Recently, I've been working with an API that for example's sake returned a JSON response something like this:
The task's requirement was to use .Net Core's System.Text.Json to deserialiaze the JSON into an object of a Person class. So I start off by writing the person class like below:
Then I would write the deserialization code:
Notice that in order for me to correctly deserialiaze the JSON properties, I had to do two things:
1. Configure the JsonSerializerOptions to ignore the case
This is because the API response returns the JSON property names in lower case but my C# class properties are in Pascal case as per C# standard naming conventions. By default, System.Text.Json is case sensitive. So in order for it to ignore property name cases, we had to pass in the JSON serializer options.
2. Add a JsonPropertyName attribute for the LastName C# class property
This is due to the API's JSON response using "last_name" as the property name. However, my C# class property uses LastName.
So all seems good so far.
The second part of my task is to do some processing on the Person object by converting the Person's Name from 'Foo' to 'Baz'. This is followed by returning the processed Person object from a function as a serialized JSON string.
And now this this is where the problem arises.
When I directly serialize the processed Person object after the doing the initial deserialization, we will get the following JSON string:
Ideally, for the task, I needed to return the JSON as below instead:
This issue happens because the JsonPropertyName attribute is used for both Serialization and Deserialization.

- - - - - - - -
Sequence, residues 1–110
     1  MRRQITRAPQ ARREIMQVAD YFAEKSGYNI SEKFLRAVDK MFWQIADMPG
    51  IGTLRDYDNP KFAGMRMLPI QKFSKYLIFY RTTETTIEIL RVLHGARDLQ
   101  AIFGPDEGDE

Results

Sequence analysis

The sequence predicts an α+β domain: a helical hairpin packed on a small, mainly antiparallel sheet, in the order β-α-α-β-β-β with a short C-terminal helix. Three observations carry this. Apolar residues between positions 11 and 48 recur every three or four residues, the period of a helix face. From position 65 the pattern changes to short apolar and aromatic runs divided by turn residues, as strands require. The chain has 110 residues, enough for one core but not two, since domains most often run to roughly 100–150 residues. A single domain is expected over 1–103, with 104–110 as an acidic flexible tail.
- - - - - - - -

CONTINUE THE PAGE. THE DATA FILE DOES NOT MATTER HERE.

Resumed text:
As workarounds, the only options I know so far of are:
1. Create a separate object to deserialize to. Maybe implement some form of interface to reduce unnecessary code duplicates
2. Create a custom converter
Seeing as how as it is a non-significant program and that there are time constraints (but of course), creating a custom converter was a no-go. Option 1 would be the easiest but I did not want to manage too many classes and code files for such a small project.
So the laziest and fastest approach, I could think of was to simply create an auxiliary property just for deserialization purpose.
Using this lazy approach, now my Person class looks like below:
Obviously this method has some drawbacks.
The first being that you now have an additional property whose only function is for JSON deserialization purposes which will be very confusing for the next coder who will work on this code . And It will also be confusing for whoever is going to consume this class as a library.
As an improvement for the latter, we can always set the access modifier of the auxiliary property as internal or private but unfortunately System.Text.Json only supports public properties.
However, last I checked, this would be changed in .Net 5 https://github.com/dotnet/runtime/pull/34675.